Steve Cohen Contributor – Forbes

On Tort Reform, It’s Time to Declare Victory and Withdraw
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“The greatest trick the Devil ever pulled was convincing the world he didn’t exist.”

Verbal (Kevin Spacey) in The Usual Suspects

The second greatest trick may be the insurance industry’s success in getting more than half the states to implement “tort reform.” That achievement was based on the promise that restricting victims’ ability to bring medical malpractice suits would improve healthcare and reduce its cost. Those myths have now been completely dispelled.

The last bubble to burst was that because doctors are fearful of getting sued, they practice “defensive medicine,” prescribing unnecessary and costly tests and procedures. That myth was dispatched by the recent publication of a major study in the New England Journal of Medicine. A team of five doctors and public health experts found that tort reform measures passed in three states – specifically designed to insulate emergency room doctors from lawsuits — did nothing to reduce the number of expensive tests and procedures those ER doctors prescribed.

This latest study follows numerous others that deflated other tort reform myths: that making it harder for victims to file medical malpractice lawsuits would reduce the number of “frivolous” suits that “clog the courts;” that imposing caps on the damages victims could receive would reign in “out of control” juries that were awarding lottery-size sums to plaintiffs; and that malpractice insurance premiums would fall, thereby reversing a doctor shortage caused by specialists “fleeing the profession.”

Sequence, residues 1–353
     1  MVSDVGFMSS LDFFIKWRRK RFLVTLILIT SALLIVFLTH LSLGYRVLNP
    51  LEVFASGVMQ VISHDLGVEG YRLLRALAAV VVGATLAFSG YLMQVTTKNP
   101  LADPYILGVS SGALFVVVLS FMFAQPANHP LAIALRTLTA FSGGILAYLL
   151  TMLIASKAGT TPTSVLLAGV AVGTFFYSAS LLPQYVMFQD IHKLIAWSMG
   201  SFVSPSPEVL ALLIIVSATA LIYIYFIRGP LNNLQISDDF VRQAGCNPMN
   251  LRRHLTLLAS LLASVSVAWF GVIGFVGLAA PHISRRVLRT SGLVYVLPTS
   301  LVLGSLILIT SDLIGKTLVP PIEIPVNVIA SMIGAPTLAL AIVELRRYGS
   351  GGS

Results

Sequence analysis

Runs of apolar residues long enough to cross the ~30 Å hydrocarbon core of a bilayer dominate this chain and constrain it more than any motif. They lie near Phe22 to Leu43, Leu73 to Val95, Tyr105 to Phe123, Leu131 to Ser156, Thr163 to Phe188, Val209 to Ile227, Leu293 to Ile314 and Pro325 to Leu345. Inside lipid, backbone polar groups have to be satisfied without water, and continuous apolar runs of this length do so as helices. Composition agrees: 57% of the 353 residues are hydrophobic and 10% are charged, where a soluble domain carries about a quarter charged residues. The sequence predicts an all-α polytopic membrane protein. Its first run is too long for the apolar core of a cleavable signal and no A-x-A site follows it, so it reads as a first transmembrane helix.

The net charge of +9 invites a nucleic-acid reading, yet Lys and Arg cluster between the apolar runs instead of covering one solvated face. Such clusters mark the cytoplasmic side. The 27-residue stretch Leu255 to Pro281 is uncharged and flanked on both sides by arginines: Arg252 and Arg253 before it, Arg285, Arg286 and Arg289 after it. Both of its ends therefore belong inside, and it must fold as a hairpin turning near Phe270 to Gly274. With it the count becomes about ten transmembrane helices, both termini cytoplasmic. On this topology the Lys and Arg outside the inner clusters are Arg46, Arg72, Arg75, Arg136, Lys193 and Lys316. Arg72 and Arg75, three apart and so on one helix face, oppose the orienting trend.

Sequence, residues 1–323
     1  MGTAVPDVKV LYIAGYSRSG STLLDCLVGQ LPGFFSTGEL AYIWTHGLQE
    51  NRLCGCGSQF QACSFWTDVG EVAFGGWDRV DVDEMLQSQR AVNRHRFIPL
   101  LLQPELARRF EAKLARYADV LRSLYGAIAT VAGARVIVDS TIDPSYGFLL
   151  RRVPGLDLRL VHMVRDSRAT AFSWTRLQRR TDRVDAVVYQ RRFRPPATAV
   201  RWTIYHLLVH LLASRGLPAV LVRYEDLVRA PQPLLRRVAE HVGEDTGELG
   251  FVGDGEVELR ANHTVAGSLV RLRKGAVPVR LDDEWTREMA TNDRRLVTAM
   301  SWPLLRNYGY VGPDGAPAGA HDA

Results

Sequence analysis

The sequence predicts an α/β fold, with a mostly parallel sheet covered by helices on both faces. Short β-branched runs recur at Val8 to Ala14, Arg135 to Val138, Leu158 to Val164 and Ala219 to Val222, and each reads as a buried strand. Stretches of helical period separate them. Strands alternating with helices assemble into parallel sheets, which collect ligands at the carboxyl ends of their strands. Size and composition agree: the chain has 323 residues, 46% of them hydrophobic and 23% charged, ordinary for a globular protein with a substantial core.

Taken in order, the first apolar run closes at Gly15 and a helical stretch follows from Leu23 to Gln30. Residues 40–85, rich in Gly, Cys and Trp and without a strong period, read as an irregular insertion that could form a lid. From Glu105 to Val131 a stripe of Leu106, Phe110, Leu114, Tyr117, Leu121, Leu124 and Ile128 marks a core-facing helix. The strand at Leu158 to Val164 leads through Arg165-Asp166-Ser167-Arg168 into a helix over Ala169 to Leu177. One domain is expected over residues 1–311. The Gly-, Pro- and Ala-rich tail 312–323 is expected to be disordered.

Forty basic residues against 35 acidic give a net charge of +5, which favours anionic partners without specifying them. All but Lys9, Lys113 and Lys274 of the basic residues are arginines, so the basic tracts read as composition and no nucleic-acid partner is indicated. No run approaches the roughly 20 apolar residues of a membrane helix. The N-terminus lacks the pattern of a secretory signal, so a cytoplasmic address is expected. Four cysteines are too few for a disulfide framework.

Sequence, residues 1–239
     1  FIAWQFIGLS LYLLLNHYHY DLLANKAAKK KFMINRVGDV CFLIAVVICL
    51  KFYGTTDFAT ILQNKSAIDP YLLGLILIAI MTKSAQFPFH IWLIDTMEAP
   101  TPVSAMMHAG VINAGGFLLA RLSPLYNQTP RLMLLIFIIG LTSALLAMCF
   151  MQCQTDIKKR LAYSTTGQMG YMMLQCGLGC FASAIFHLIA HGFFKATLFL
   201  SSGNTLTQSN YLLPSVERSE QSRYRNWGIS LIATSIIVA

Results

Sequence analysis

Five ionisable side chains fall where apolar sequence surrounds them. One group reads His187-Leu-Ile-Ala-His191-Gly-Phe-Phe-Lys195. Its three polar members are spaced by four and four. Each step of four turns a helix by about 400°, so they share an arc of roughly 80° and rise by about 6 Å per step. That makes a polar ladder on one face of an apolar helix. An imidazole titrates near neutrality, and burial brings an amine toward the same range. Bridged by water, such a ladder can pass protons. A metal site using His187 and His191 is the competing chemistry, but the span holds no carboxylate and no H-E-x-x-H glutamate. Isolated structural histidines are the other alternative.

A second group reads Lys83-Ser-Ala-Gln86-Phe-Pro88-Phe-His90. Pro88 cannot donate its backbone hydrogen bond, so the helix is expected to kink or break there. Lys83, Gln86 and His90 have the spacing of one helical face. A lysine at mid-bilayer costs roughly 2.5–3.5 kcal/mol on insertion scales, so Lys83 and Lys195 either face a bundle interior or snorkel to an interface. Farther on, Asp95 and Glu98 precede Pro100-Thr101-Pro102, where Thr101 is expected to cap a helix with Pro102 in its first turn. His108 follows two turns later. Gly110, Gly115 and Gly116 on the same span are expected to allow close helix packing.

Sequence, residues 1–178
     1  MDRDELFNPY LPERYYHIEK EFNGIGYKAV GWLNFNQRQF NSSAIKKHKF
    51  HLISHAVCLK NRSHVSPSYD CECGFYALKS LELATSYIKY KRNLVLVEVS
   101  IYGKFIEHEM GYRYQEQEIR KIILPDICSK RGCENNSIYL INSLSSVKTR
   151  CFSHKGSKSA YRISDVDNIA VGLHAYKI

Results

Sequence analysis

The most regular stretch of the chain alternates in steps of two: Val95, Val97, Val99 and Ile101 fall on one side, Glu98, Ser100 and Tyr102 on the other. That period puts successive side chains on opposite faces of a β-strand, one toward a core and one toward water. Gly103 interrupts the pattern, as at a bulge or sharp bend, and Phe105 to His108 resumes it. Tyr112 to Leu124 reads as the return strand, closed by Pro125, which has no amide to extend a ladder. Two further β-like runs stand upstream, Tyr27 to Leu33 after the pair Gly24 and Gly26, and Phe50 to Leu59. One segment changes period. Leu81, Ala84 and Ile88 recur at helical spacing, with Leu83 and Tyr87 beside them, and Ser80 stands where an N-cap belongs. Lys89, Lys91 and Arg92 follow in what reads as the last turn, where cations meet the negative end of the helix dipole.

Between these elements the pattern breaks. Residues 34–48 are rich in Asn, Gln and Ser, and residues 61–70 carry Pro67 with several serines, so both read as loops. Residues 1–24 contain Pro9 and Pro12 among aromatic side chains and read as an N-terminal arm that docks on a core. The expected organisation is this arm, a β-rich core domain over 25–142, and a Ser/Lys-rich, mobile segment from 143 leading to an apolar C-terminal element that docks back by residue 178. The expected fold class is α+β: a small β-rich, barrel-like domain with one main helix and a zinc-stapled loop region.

None of these promised benefits became reality. That’s because the alleged problems were themselves non-existent. Perhaps the most telling fact is that the Department of Justice found that the median med mal award in jury-decided cases was $400,000. In bench trials, where the judge also serves as the jury, the median award was $631,000.

The tort reform boom started in 1975 when California imposed a $250,000 cap on the amount victims of horrendous negligence could collect. More than half the states followed with their own measures capping damages, reducing the amount of time victims had to discover and bring a lawsuit, and even limiting the amount of money lawyers could be paid for representing clients.
The latest blockbuster revelation looked at the impact of tort reform restrictions implemented in three states over 10 years ago. Texas, Georgia, and South Carolina passed legislation that made it virtually impossible to sue doctors or hospitals for emergency room treatment. The study examined 3.8 million emergency department visits at 1166 hospitals between 1996 and 2012.